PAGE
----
The common-law writ of certiorari is available to review administrative decisions under § 36-26-115 of Alabama’s Fair Dismissal Act, the Court of Civil Appeals held, even though that statute makes administrative decisions “final” and non-appealable. South Ala. Skills Training Consortium v. Ford, No. 2060837 (Ala. Civ. App. Jun. 6, 2008). The appellate court also explained the standards governing certiorari review.
An Administrative Law Judge (ALJ) rescinded the firing of eight employees of various public colleges, ruling that the employees had not been given notice and hearings under Alabama’s Fair Dismissal Act (FDA). The colleges challenged that decision by filing a petition in the Montgomery Circuit Court for a common-law writ of certiorari.
The employees moved to dismiss the petition. They argued that, because Ala. Code § 36-26-115 makes an ALJ’s decision in such cases “final,” the colleges “had no right to appeal or petition for certiorari review” in the circuit court.
The circuit court agreed. It denied the colleges’ petition and granted the employees’ motion to dismiss. The colleges appealed.
The Court of Civil Appeals took a different view. Despite its statutory “finality,” the ALJ’s decision could be reviewed by common-law certiorari. The appellate court first acknowledged that the Legislature has the power to limit or deny the right of appeal in particular cases. Here, by making ALJ decisions “final,” § 36-26-115 indeed “prohibits an appeal.” “Nevertheless, that prohibition of appeal by the legislature does not affect the authority of the court to review the proceedings below by granting certiorari.” The court continued:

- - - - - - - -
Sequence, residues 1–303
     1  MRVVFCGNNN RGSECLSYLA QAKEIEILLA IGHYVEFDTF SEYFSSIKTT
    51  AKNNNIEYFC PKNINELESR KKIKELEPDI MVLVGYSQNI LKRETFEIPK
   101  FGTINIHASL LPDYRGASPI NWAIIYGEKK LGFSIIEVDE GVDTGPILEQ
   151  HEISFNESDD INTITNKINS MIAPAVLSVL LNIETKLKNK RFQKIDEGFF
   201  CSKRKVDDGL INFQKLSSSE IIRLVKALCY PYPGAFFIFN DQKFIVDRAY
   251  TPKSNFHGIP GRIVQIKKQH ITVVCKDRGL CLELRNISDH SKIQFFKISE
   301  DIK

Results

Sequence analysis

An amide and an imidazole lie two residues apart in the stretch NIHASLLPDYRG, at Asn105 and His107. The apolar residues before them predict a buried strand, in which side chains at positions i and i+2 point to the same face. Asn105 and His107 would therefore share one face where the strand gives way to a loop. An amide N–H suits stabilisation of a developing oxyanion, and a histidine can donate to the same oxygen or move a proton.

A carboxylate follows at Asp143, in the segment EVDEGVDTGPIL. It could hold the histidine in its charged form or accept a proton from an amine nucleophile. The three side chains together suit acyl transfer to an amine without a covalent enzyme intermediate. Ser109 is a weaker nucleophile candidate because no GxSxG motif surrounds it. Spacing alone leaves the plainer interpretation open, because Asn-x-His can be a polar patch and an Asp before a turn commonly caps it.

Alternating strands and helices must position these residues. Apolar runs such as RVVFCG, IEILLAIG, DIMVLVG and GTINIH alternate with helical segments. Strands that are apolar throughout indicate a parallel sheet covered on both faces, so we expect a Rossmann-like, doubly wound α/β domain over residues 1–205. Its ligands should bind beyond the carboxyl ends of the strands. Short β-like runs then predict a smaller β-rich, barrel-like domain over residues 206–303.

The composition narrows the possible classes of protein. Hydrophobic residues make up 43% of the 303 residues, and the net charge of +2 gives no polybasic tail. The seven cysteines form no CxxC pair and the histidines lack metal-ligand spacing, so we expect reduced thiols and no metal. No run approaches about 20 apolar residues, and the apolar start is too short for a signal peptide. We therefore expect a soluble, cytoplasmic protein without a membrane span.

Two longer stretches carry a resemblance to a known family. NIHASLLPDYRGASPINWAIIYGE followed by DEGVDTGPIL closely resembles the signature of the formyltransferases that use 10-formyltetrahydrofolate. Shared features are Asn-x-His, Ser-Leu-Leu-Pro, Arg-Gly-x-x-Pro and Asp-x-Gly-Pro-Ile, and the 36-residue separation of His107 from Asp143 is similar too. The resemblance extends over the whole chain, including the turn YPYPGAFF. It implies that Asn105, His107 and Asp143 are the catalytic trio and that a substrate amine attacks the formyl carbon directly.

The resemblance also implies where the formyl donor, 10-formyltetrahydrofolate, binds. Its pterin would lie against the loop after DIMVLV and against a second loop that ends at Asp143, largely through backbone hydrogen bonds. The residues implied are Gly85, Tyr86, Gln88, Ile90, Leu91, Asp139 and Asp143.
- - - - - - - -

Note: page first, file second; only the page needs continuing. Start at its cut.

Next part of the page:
This court has both statutory and constitutional authority to review the decisions of inferior tribunals via a petition for a writ of certiorari. . . . The constitution grants similar authority to the circuit court.
This checked § 36-26-115’s apparent negation of judicial review. The Court of Civil Appeals wrote: “[T]he legislature may not strip the courts of the authority to review the decisions of lower tribunals via a petition for the common-law writ of certiorari.”
The “proper vehicle” for obtaining circuit-court review of an administrative decision under the FDA is thus “by a writ of certiorari.” “From a decision by the circuit court on the writ of certiorari, review to [the Court of Civil Appeals] would be on an appeal.”
The appellate court thus reversed the circuit court’s judgment that certiorari will not lie to review an ALJ’s decision under § 36-26-115 of the FDA.
(In treating a substantive question under the FDA — which is otherwise irrelevant to our present appellate concerns — the Court of Civil Appeals also set out the standards that govern certiorari review. A circuit court’s “scope of review” on certiorari is “limited” to determining whether the challenged decision is “supported by legal evidence,” and whether “the law [was] correctly applied to the facts.” “Questions of fact or weight or sufficiency of the evidence will not be reviewed on certiorari.” “In addition,” the circuit court is “responsible for reviewing the record to ensure that the fundamental rights of the parties, including the right to due process,” was “not violated.” On appeal, the “scope of appellate review is the same as that of the circuit court.”)